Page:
CHAPTER XX. ELIZABETH (v), 1558-78-IRISH AND ENGLISH
The first schemes would probably have been beneficial had they been practicable, as they involved nothing in the shape of forfeiture. But they would have been costly, while offering no temptations to Adventurers. In 1568 a scheme was devised which tempted the Adventurers, made little demand on the exchequer - Elizabeth always argued that Ireland ought to pay for itself - but involved forfeitures on a large scale.
Desmond, who had declined alliance with O'Neill, was summoned to answer charges of treason. He surrendered at once, and was sent to London. Then he tried to escape, and was only allowed to purchase freedom from close imprisonment or worse by surrendering all his lands to the Queen to receive back so much as she chose to grant. A group of Devonshire gentlemen proposed that the titles of other landowners in Munster should be investigated, and that all the lands held under unsatisfactory titles should be handed over to themselves. They would occupy and rule at their own charges, and compel complete submission by the strong hand; a process by which it is quite evident that they intended practical extermination of the Irish. The business was started on Desmond lands; but it was carried to a dangerous point when Sir Peter Carew took possession of Butler property - seeing that the loyalty of the Ormonde connexion was the one source of Irish support which had never been even suspected of failing. There were massacres and reprisals; but fortunately when the other Munster chiefs took the opportunity to petition Philip of Spain to come and take possession, the Butlers still stood firmly to their allegiance.
[1569 Insurrection in Munster]
An insurrection was headed in 1569 by Fitzmaurice (Desmond's brother); some of the English households were wiped out. The O'Neills in Ulster and the Burkes in Connaught rose. Ormonde declared plainly that if the colonising policy were carried on it would be impossible for him to support the government. Sidney ravaged Munster, and left Sir Humphrey Gilbert in command behind him for a time: but the actual scheme was dropped. There is no evading the fact that the English, who could wax hot enough over the cruelties of Spaniards in America or in Holland, did without compunction or any sense of inconsistency regard the Irish not even as mere human savages but as wild beasts. And many of these were men who in any other circumstances were capable of displaying an admirable chivalry and a heroic valour. Gilbert was a man full of noble ideals, learned, pious, cultivated, valiant, kindly; but if there was a chance of killing an Irish man, woman, or child, he took it.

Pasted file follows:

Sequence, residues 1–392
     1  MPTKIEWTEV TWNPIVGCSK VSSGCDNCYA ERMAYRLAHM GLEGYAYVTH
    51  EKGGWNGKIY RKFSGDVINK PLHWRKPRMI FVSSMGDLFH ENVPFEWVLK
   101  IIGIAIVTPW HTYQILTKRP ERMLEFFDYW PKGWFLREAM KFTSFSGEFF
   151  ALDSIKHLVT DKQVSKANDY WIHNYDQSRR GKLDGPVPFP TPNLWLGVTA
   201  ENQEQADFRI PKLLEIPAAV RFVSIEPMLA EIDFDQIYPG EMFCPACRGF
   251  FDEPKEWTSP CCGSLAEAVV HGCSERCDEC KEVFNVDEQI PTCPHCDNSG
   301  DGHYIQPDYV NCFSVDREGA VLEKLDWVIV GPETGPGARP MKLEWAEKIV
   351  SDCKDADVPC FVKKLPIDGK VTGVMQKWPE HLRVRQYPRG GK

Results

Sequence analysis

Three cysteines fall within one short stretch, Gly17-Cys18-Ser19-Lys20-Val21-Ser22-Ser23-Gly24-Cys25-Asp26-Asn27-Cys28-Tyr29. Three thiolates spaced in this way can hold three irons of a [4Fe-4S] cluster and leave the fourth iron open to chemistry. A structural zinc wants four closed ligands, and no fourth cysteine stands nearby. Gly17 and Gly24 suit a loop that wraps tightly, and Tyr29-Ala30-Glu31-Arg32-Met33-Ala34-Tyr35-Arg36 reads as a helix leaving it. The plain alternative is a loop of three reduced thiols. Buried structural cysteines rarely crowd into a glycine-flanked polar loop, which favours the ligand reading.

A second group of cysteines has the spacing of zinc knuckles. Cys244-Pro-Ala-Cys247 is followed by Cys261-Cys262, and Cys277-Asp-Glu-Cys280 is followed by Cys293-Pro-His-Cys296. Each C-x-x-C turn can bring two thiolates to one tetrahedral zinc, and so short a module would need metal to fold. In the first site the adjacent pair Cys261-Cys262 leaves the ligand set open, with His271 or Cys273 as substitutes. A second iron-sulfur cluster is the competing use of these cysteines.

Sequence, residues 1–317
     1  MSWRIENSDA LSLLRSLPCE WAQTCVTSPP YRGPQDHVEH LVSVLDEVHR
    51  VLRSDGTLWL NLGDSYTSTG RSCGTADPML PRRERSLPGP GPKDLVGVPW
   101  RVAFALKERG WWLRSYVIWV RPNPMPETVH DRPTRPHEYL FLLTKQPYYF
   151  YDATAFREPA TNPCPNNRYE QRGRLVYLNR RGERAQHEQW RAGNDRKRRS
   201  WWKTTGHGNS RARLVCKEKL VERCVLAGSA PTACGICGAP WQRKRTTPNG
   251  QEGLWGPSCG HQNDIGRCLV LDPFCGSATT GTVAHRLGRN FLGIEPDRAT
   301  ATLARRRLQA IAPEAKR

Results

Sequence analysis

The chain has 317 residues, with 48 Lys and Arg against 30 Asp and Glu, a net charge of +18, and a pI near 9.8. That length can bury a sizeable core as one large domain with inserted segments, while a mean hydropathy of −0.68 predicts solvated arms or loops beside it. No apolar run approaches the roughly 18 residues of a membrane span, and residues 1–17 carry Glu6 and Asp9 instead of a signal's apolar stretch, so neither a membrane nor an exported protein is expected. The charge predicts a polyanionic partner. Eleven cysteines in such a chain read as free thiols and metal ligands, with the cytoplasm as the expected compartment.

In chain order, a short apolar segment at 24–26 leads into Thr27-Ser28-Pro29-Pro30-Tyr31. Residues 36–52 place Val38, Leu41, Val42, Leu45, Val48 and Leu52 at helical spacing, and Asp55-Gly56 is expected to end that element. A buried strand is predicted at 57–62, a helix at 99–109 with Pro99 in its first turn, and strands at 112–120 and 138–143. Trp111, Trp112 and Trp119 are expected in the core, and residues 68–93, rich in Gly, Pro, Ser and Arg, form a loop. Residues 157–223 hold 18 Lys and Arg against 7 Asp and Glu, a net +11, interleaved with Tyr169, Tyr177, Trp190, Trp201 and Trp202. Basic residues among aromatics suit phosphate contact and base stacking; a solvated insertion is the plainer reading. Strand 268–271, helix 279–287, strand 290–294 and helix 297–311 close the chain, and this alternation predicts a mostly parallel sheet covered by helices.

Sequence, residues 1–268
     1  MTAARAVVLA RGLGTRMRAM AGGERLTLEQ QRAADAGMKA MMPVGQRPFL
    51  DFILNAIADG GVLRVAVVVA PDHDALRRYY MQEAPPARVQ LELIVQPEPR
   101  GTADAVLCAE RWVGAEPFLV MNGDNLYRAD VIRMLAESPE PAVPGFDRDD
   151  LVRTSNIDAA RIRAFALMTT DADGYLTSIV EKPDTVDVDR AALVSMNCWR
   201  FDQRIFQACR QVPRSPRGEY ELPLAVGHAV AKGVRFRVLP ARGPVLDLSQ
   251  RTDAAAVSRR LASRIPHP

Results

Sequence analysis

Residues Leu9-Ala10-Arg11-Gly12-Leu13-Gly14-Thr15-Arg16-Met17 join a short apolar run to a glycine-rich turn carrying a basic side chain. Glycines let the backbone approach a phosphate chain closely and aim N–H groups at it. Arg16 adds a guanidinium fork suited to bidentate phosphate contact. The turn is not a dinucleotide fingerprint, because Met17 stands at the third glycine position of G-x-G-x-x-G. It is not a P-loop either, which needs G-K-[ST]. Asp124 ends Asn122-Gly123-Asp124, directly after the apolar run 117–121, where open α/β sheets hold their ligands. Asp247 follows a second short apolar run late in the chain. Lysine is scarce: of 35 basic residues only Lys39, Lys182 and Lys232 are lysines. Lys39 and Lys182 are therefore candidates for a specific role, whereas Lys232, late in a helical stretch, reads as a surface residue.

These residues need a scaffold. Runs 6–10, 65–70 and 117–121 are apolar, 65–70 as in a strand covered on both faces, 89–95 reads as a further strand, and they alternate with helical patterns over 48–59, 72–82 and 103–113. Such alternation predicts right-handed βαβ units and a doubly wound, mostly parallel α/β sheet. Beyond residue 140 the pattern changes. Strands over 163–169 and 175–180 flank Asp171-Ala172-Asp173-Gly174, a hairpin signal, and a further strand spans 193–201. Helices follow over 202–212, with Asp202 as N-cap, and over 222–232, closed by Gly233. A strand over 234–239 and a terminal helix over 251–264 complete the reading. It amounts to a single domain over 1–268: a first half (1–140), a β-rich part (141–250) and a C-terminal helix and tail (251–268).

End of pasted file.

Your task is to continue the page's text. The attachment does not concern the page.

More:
[Ireland and Philip II.]
In England, 1569 was the year of the Northern rebellion. France was viewing the Scots Queen's pretensions with increasing lukewarmness, and Philip was regarding her with corresponding favour. The Ridolfi plot was developing in 1570 and 1571. In brief, at this period Philip's disposition towards Elizabeth was becoming definitely, though not avowedly, hostile instead of - as hitherto on the whole - friendly. Yet he would not accept the Irish invitation to intervene. But he received at Madrid, and treated with great favour, the very remarkable adventurer Thomas Stukely, already mentioned as a piratical ally of Shan O'Neill's. Stukely had been sent over to England to answer for his miscellaneous misdeeds; but was - perhaps intentionally - allowed to escape to Spain; where he represented himself as an enthusiastic Catholic, and the most influential man in Ireland, and bragged hugely of the coming conquest of that country, of which he was to become in some sort the Prince, with the assistance of Spain. The entertainment of Stukely however summed up all that Philip was prepared to do for Ireland. By September 1572 he was again seeking Elizabeth's amity.
In the meantime, the experiment of constituting Connaught a Presidency had been tried and failed ignominiously. The curse of the English Government - a soldiery whose pay was permanently and hugely in arrear, who were constantly on the verge of mutiny, and lived virtually by pillage - remained unabated; and Sidney, having tried vigorous government first and then, lacking the means to maintain it properly, extirpation as an alternative, but still without success, clamoured to be recalled, and at last got his wish.
Desmond was still detained in England, but the Geraldines in Munster had not been crushed either by Sidney or by Gilbert. Despite the failure in Connaught, the Presidency plan was tried in the southern province, Sir John Perrot being appointed thereto. Perrot blew up strongholds, captured and hanged some hundreds of the population, but could not lay hold of the chiefs or bring the country into subjection. In 1572, Fitzmaurice made his way to Ulster, gathered a force of Scots, and came down the Shannon. The President got his chance of a fight, and shattered the force: but Elizabeth was dissatisfied with the results of an unwonted if still inadequate expenditure, and declared that the whole experiment was too costly. A general amnesty and the withdrawal of Perrot ended it.
[1573 Essex (the elder) in Ulster]